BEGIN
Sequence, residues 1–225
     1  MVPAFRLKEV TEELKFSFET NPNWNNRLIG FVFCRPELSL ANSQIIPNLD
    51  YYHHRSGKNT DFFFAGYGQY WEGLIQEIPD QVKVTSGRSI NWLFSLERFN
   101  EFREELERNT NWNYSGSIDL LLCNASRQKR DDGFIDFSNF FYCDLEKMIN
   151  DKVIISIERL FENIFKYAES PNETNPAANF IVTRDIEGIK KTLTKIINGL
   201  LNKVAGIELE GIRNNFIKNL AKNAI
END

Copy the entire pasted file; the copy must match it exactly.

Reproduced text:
Sequence, residues 1–225
     1  MVPAFRLKEV TEELKFSFET NPNWNNRLIG FVFCRPELSL ANSQIIPNLD
    51  YYHHRSGKNT DFFFAGYGQY WEGLIQEIPD QVKVTSGRSI NWLFSLERFN
   101  EFREELERNT NWNYSGSIDL LLCNASRQKR DDGFIDFSNF FYCDLEKMIN
   151  DKVIISIERL FENIFKYAES PNETNPAANF IVTRDIEGIK KTLTKIINGL
   201  LNKVAGIELE GIRNNFIKNL AKNAI